Writing and Law in Late Imperial China : Crime, Conflict, and Judgment, Paperback / softback Book

Writing and Law in Late Imperial China : Crime, Conflict, and Judgment Paperback / softback

Edited by Robert E. Hegel, Katherine N. Carlitz

Part of the Asian Law Series series

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In this fascinating, multidisciplinary volume, scholars of Chinese history, law, literature, and religions explore the intersections of legal practice with writing in many different social contexts.

They consider the overlapping concerns of legal culture and the arts of crafting persuasive texts in a range of documents including crime reports, legislation, novels, prayers, and law suits.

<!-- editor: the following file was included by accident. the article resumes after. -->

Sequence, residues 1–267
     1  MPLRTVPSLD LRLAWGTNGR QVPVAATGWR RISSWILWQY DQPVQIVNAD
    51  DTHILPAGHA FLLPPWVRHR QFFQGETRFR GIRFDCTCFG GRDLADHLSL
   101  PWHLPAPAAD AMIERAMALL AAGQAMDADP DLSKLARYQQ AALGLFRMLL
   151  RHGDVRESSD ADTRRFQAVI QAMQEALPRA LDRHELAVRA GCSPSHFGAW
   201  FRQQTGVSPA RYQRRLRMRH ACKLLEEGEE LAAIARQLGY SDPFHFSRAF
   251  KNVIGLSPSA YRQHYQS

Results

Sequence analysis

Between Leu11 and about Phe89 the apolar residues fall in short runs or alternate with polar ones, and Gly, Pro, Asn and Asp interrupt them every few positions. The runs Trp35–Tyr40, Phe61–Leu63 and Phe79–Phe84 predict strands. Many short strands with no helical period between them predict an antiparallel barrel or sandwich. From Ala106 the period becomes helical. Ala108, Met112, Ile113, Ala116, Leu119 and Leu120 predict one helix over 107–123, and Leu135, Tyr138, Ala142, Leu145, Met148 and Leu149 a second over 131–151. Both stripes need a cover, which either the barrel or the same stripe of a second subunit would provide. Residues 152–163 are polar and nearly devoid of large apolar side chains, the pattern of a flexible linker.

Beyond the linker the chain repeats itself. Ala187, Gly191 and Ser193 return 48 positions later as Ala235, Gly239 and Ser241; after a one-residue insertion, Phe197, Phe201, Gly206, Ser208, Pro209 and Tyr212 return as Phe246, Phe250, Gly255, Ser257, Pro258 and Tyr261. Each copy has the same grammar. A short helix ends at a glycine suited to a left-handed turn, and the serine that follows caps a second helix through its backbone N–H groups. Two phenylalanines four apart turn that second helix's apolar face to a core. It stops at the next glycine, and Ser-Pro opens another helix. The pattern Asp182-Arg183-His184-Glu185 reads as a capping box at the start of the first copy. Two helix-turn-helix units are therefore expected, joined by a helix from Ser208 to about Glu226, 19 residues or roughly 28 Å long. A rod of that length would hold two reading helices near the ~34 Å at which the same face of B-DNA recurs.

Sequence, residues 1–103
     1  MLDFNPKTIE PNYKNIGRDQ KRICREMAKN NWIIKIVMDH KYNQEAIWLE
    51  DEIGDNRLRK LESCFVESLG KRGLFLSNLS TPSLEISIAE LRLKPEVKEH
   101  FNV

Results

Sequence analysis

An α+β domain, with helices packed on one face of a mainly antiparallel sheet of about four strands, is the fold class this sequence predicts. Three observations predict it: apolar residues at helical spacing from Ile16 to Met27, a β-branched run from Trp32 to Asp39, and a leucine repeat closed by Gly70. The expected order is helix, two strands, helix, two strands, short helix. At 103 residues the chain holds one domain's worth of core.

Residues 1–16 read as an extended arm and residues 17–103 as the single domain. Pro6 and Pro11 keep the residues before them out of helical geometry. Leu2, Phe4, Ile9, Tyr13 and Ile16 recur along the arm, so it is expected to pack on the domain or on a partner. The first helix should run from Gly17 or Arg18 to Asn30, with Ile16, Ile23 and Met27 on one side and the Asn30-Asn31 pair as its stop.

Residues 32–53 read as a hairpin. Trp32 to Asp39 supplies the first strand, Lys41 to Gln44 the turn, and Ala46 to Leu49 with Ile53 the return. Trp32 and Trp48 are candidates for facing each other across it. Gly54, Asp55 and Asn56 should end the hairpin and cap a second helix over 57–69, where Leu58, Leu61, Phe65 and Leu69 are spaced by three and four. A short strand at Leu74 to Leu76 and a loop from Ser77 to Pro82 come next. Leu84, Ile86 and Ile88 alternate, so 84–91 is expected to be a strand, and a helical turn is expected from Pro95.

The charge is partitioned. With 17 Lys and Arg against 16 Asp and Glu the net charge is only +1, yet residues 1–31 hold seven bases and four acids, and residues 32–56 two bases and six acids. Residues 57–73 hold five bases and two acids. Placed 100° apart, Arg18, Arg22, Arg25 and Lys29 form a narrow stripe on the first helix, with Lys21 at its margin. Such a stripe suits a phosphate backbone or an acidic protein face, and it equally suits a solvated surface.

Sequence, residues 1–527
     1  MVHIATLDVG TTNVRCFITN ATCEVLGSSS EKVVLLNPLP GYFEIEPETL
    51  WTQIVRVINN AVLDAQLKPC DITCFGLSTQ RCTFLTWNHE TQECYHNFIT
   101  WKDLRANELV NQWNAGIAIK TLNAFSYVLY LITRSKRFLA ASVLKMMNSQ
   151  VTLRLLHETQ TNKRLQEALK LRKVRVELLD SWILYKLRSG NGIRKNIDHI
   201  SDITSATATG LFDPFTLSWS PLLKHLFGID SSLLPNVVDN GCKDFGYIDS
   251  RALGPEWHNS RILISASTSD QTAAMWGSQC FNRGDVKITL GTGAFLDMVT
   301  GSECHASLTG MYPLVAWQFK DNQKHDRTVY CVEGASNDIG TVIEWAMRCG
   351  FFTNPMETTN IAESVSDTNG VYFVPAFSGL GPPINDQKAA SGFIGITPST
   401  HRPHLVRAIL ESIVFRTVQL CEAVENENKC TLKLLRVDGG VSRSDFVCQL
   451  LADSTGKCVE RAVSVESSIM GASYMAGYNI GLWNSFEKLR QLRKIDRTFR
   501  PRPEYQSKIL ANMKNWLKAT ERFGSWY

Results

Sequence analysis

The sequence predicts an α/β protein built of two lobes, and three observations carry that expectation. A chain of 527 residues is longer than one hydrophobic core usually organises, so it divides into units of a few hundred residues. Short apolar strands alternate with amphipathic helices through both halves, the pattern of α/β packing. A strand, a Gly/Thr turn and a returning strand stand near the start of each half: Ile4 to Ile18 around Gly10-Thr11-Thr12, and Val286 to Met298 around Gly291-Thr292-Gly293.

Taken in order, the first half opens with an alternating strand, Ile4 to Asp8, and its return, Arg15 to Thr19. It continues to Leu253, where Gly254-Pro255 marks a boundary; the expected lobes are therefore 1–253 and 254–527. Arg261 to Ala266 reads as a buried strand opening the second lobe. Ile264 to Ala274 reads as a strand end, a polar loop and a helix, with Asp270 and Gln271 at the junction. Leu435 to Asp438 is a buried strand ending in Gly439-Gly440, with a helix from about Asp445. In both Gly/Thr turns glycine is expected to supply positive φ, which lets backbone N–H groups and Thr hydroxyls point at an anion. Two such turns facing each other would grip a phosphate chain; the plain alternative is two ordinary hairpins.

Their focus is the late Ming and Qing periods (c. 1550-1911); their documents range from plaints filed at the local level by commoners, through various texts produced by the well-to-do, to the legal opinions penned by China's emperors. Writing and Law in Late Imperial China explores works of crime-case fiction, judicial handbooks for magistrates and legal secretaries, popular attitudes toward clergy and merchants as reflected in legal plaints, and the belief in a parallel, otherworldly judicial system that supports earthly justice.

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